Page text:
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Politics and Policy

415 Delegates Up For Grabs: A Look At California's Primary

A man uses a voting machine.
Jacob Solis
KUNR Public Radio

California is the single biggest prize in the Democratic presidential nomination process. 415 delegates are up for grabs in Tuesday's primary. To get the latest about how the race is shaping up in the Golden State, KUNR's Paul Boger spoke with Scott Shafer, KQED's politics editor.

California is similar to Nevada in that it has a significant Latinx population, with more than a third of the state's residents identifying as Hispanic, and like Nevada, those voters appear to largely support Vermont Sen. Bernie Sanders.

"When it comes to Latino voters, there's no question that Bernie Sanders is doing very, very well," Shafer said. "In a poll we conducted recently with Change Research, he had north of 40 percent of the Latino vote. [He] was also doing quite well with African Americans, by the way. He seems to be addressing issues that especially younger Latinos care a lot about, whether it's student debt, health care, the economy [and] climate change to a certain extent."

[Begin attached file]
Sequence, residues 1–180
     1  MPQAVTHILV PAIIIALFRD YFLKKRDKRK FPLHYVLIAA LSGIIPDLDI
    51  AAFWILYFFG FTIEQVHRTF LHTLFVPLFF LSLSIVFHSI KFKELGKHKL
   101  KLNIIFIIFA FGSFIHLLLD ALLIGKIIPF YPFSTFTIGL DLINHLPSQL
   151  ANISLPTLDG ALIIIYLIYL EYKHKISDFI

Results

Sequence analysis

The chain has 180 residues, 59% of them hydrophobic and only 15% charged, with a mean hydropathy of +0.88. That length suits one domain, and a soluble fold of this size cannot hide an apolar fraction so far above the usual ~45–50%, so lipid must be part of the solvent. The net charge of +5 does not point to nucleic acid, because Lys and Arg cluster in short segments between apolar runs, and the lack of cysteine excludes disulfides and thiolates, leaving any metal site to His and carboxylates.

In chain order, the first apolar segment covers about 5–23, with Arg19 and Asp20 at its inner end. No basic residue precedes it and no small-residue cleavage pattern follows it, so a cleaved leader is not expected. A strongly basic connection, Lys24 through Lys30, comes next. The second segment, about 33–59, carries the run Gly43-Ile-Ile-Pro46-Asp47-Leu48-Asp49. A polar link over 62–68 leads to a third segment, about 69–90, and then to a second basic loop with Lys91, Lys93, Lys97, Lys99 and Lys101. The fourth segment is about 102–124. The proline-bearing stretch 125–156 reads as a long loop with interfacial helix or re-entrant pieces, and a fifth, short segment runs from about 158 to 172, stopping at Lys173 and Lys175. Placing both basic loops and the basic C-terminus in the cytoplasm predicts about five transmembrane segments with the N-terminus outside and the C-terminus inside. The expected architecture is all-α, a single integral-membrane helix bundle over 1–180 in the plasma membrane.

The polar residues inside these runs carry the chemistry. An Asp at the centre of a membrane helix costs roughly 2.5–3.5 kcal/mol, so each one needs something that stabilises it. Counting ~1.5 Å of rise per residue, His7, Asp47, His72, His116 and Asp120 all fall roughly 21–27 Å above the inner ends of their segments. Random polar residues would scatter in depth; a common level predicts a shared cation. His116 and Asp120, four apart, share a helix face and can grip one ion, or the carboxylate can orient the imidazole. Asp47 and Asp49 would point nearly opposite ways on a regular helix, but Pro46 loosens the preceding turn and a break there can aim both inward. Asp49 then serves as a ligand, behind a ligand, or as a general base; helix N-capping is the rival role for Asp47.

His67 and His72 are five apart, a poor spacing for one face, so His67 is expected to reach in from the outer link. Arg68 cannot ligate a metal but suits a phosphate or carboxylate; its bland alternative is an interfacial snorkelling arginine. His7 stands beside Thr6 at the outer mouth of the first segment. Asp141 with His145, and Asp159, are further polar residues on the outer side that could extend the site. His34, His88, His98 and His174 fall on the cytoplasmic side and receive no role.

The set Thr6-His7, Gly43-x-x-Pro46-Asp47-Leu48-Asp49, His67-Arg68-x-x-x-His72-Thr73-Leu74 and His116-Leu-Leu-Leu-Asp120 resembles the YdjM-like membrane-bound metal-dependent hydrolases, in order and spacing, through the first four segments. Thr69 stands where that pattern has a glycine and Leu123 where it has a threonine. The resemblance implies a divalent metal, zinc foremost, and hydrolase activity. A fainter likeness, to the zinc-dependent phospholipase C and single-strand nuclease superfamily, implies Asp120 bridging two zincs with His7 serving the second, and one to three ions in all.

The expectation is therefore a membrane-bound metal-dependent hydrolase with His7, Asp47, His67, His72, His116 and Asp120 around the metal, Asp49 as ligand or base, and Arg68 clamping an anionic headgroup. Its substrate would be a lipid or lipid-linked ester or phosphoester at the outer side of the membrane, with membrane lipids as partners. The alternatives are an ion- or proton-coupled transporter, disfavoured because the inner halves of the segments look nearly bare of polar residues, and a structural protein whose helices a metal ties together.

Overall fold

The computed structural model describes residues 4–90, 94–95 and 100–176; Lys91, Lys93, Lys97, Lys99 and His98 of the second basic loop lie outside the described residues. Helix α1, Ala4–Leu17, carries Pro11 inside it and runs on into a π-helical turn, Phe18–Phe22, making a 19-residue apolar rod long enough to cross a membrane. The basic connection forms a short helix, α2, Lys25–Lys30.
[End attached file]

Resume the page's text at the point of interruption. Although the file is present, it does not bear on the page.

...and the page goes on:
Super Tuesday also marks the first time former New York Mayor Michael Bloomberg will appear on the ballot. As a late entry into the race, Bloomberg skipped the first four nominating states, deciding to instead focus on the 14 Super Tuesday states. However, it's hard to say whether Bloomberg's gamble will pay off in delegate-rich California.

"As of a week and a half ago, he wasn't polling at a level that would net him any delegates at that 15 percent [threshold]," Shafer said. "Now, that could change. Obviously, some of the voters that were supporting Buttigieg, Klobuchar and Steyer could go to Bloomberg. He has been a constant presence on the airwaves here in California, unlike the others, I might add. I mean, really only Bernie Sanders has been on television in any significant kind of way, so Bloomberg definitely is getting his message out."

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